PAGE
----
Film screening, discussion and dinner with Melissa Cornick, journalist and activist, and Sheldon Wolfchild, Native American activist.
Food will be served.This event is part of the Racial Justice Matters initiative. Co-sponsored by Adelphi’s Criminal Justice Club, Criminal Justice Program, Anthropology Club, Department of Sociology and Collaboration Project. Logo designed by Kelly Serrao ’16.
As of 2015, Chief Justice John Marshall’s distinction between ‘Christian people’ and ‘heathens’ in Johnson v. M’Intosh (1823) is still treated by the U.S. supreme Court as valid law for the United States. The Supreme Court has used the claimed right of Christian discovery and domination in the Johnson ruling as its underlying rationale for every ruling that it has handed down since 1823 regarding our original nations.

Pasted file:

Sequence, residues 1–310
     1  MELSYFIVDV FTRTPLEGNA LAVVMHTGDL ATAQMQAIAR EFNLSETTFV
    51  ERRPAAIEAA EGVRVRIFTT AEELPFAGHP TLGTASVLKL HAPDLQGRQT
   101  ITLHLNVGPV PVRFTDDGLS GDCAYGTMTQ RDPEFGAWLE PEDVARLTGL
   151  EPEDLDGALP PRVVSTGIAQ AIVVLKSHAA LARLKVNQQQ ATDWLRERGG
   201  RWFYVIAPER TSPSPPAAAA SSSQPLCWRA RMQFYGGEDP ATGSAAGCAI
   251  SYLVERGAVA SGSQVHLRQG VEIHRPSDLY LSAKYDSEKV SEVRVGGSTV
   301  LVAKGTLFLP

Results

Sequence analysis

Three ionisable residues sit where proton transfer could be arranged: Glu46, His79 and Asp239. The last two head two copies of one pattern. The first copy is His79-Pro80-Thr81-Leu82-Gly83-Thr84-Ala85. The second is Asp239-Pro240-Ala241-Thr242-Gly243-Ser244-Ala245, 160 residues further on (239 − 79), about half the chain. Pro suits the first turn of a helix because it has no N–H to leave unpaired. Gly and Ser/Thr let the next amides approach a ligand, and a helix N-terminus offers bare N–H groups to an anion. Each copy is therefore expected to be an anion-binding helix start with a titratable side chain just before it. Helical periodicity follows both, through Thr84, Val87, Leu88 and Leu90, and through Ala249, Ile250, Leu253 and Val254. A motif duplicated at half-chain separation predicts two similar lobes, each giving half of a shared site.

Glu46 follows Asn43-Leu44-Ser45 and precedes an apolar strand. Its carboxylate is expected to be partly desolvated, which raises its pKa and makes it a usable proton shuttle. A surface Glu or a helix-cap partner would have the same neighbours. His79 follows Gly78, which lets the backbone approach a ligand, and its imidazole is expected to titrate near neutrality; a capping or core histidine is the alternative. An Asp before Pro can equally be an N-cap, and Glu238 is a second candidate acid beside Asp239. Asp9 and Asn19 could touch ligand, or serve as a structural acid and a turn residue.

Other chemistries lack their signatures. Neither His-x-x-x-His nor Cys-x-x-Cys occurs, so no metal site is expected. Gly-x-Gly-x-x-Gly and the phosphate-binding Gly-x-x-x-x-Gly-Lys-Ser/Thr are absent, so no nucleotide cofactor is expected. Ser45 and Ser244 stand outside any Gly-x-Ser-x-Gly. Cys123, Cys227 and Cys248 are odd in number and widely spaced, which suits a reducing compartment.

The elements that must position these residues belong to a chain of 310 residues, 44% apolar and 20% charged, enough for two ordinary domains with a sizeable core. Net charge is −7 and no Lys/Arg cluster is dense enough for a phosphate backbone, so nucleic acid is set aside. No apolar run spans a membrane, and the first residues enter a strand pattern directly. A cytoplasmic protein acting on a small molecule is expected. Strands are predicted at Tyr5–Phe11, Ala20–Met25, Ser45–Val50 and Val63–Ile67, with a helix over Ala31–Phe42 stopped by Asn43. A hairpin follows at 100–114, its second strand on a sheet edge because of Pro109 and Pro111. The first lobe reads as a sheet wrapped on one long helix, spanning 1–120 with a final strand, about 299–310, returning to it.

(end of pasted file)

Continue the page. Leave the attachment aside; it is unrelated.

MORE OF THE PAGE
Cristobal Colon (Columbus) and other colonizers laid claim to the lands of original nations on the basis of the idea that Christians had a biblical right to discover and dominate non-Christian lands. This doctrine of ancient Christendom, supported by papal edicts, continues to serve as the conceptual foundation of the political and legal system of the United States, and as the conceptual foundation of other dominating political systems elsewhere in the world in relation to original nations.
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